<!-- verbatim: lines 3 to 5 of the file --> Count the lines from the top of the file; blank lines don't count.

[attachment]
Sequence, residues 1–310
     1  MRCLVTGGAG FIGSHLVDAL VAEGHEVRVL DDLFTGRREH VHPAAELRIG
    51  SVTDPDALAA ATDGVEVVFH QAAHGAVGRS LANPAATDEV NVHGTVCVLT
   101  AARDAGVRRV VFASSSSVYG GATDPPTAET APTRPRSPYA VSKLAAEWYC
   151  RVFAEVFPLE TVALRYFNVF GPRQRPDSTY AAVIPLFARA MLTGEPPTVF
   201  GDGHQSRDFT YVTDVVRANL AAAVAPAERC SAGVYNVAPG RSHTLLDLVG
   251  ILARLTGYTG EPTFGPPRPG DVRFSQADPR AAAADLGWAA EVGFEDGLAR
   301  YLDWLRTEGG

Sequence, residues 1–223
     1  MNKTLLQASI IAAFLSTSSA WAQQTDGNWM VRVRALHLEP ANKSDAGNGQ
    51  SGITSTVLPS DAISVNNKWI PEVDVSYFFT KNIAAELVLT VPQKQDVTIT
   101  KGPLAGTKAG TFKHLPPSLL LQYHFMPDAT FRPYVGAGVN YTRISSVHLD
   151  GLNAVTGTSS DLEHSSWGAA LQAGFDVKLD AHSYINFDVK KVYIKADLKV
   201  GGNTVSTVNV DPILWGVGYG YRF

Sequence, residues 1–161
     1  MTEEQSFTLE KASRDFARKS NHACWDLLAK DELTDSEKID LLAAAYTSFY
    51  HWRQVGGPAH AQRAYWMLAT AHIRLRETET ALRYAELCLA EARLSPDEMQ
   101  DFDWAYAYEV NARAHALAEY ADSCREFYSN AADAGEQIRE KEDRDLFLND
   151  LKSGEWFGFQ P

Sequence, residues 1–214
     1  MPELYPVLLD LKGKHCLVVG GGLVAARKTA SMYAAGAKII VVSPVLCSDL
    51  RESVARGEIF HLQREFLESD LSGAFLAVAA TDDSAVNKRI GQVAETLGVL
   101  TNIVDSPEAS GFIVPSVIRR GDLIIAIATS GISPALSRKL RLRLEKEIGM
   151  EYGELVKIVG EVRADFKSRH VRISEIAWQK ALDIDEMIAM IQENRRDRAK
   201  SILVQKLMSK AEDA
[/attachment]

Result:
    51  SVTDPDALAA ATDGVEVVFH QAAHGAVGRS LANPAATDEV NVHGTVCVLT
   101  AARDAGVRRV VFASSSSVYG GATDPPTAET APTRPRSPYA VSKLAAEWYC
   151  RVFAEVFPLE TVALRYFNVF GPRQRPDSTY AAVIPLFARA MLTGEPPTVF